What help is there for first-time buyers?
The Help to Buy Mortgage Guarantee scheme was brought to a close last year on December 31st, after having spent three years helping people to take out mortgages with only 5% deposits.
It had helped around 100,000 people purchase a new home in that time, doing so by enabling buyers to have the Government act as guarantor for them on 15% of the value of their mortgage.
As such, it may seem like a loss that it's disappeared as an option for the many would-be first time buyers looking to weather the UK's housing crisis and take that initial step on the housing ladder.
However, as the following guide will show, there's still plenty of help available to first-time buyers, if only they know where to look.
Other Help to Buy schemes
While the Help to Buy scheme no longer offers the public mortgage guarantees, new buyers still have the option of benefiting from the other schemes it makes available.
The first of these is the Equity Loan scheme, which provides those looking to buy a "new build" home with a loan worth 20% of its value (or 40% if the home is in London).
As can be expected, several conditions are attached to this loan, listed below:
- the house being acquired can be worth no more than £600,000
- it has to be the buyer's only home
- the buyer has to have a deposit of at least 5%
- the buyer can't rent out or sublet the property after its acquisition
Added to this, a fee of 1.75% of the loan's value will be payable annually after five years have elapsed since receiving it. What's more, this percentage will increase in line with inflation.
Given that this could result in a buyer paying £1,400 on the sixth year - and then a little more on subsequent years - the Equity Loan might not be suited to everyone's circumstances and tastes.
If this is the case, then house hunters might want to consider the Help to Buy ISA, which is essentially a savings account that's topped up with Government contributions.
For example, the ISA rewards holders with an extra £50 if they deposit the maximum of £200 each month. It also adds an extra £250 if, in the very first month, holders put in £1,000 of their own money.
However, the maximum that the Government will contribute to this ISA is £3,000, which would equate to 56 months (or almost six years) of saving if holders deposit the maximum amounts each month.
The minimum payout, on the other hand, is £400. As the below table reveals, this would require a contribution from ISA holders of £1,600.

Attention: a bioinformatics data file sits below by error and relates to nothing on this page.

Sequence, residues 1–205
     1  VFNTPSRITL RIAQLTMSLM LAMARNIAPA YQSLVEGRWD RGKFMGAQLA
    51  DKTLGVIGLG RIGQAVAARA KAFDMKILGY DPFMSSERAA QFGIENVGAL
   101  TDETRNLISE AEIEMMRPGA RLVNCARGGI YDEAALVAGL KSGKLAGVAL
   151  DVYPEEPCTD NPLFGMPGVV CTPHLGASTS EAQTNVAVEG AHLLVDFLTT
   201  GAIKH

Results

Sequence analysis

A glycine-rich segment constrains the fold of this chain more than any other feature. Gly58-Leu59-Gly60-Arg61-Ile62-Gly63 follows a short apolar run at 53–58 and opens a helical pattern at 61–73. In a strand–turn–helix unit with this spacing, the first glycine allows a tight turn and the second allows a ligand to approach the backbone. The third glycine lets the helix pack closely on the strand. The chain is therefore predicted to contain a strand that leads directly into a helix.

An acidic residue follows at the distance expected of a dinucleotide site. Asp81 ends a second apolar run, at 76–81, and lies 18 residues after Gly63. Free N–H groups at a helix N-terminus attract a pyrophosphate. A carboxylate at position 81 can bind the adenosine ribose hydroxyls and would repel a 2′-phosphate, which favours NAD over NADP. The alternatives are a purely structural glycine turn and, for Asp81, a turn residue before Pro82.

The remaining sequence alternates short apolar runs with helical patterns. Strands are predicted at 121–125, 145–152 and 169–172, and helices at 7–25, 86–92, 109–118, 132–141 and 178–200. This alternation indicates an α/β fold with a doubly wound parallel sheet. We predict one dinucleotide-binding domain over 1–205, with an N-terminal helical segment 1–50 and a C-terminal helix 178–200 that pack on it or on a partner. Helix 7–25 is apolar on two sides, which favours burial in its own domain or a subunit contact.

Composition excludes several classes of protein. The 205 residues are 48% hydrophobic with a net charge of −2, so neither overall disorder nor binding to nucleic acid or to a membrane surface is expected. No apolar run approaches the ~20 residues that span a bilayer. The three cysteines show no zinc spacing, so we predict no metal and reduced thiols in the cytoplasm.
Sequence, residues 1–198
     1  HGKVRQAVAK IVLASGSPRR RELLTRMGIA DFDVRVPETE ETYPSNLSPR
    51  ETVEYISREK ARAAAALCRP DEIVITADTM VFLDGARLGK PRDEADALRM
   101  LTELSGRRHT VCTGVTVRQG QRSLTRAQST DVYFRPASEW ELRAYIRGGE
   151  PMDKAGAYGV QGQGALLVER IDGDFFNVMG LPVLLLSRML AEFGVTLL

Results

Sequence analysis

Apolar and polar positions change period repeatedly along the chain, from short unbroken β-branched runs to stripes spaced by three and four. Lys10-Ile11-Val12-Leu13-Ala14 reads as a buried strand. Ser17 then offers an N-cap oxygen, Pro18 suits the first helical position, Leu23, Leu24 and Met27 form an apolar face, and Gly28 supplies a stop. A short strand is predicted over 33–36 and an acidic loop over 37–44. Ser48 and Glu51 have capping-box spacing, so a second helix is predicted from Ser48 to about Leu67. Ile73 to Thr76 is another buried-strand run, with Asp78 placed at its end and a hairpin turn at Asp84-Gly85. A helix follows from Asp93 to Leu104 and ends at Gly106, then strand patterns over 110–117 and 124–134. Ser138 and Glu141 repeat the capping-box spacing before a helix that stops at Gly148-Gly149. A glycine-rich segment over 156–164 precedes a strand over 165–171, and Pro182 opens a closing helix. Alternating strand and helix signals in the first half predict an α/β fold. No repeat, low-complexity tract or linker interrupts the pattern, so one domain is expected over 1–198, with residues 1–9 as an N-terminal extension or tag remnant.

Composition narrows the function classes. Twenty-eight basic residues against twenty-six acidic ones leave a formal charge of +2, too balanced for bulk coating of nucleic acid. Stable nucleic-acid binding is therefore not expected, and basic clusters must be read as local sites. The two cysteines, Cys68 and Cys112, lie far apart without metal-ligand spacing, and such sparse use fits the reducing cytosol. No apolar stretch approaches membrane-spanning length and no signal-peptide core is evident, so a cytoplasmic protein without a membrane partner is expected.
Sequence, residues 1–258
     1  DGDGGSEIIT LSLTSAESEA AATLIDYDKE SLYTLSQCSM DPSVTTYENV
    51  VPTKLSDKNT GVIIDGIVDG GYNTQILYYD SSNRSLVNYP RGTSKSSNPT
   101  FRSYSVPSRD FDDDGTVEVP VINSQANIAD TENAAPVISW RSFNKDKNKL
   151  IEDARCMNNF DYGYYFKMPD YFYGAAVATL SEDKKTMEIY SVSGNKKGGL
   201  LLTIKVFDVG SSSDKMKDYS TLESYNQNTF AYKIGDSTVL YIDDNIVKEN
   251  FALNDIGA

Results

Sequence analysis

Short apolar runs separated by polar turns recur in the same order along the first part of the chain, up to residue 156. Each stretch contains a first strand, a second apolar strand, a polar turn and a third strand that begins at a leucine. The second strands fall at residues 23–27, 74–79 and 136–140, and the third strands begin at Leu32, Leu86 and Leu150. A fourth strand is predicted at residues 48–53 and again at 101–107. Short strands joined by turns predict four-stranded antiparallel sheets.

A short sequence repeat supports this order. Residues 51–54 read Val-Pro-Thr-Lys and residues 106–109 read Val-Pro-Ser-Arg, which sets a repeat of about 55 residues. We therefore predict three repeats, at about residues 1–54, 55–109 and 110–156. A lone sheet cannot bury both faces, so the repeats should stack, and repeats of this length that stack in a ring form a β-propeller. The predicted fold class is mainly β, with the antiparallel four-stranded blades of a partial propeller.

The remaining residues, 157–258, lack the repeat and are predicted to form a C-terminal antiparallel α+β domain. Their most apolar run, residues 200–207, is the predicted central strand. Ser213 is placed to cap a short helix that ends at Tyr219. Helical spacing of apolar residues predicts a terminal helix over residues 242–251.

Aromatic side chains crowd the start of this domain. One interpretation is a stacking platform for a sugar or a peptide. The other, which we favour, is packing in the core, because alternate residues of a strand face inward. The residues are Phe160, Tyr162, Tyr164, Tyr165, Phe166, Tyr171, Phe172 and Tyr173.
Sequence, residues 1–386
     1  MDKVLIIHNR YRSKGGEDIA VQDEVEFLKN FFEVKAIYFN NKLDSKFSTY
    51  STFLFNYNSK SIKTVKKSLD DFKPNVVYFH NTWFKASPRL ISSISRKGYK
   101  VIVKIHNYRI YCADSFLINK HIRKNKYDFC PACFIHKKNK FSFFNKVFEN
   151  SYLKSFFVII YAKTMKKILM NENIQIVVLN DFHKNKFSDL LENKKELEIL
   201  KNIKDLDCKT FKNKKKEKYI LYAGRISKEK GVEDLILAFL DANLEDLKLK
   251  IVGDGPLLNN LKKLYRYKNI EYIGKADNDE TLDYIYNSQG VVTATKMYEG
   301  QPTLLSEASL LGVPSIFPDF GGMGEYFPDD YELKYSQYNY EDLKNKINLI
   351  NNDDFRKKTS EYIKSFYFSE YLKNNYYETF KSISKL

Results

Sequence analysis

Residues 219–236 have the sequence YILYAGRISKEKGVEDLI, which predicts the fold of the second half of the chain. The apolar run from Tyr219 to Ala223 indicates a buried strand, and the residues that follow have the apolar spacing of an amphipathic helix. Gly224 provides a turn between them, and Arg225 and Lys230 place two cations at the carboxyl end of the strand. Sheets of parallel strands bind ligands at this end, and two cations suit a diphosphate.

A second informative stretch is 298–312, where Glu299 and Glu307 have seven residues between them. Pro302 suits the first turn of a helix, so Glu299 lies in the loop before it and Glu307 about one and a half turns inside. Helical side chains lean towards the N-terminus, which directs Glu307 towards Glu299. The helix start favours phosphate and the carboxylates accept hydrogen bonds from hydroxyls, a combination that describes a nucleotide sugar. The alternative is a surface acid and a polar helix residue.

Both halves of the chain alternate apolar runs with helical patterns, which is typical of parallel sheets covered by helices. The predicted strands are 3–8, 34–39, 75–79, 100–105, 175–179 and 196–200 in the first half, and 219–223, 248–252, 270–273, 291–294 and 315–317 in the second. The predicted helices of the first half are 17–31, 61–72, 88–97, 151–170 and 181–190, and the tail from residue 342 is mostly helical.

|Your savings||Government payment||Total|
One other thing to note is that the ISA is limited to homes worth no more than £250,000 (or £400,000 in London). Also, the Government bonus it offers cannot be used until after the exchange deposit on the house - used to cover estate agent and solicitor fees - has been paid.
Luckily, this is normally only a small percentage of the total deposit, so the majority of buyers should find that it presents no obstacles to actually completing a sale.
Right to Buy
Sounding very similar to Help to Buy, but markedly different, Right to Buy is a scheme for those who rent their home.
As its name suggests, it grants tenants the right to buy their homes, so long as they're secure tenants and have had a public-sector landlord for at least three years (not necessarily consecutively).
Being a "secure tenant" means that an occupier can be evicted from their home only if they break the rules of their tenancy agreement. Meanwhile, public-sector landlords include not only local councils, but also housing associations and even NHS trusts.
There's also the possibility of people buying their rented home if it was owned by the council when they first moved in, but was then later sold to another landlord during their tenancy.
This is called "Preserved Right to Buy", and as with the more conventional route to Right to Buy, applicants receive a significant discount on the value of their home if successful.
For example, the Government's Right to Buy Calculator told us that, for a hypothetical terraced house worth £300,000, we'd receive a discount of 35%, or £77,900.
This would leave us with only £222,100 to cover ourselves, a sum which could then be afforded by applying for a normal mortgage.
Of course, there are complaints that Right to Buy reduces the UK's stock of affordable housing, yet for those who are in a position to buy the property they rent, it's undoubtedly an excellent way of buying a first home.
While not available on the market yet, Starter Homes are another attractive option for those who are looking for help with buying their first property, but aren't in a position to capitalise on the Right to Buy scheme.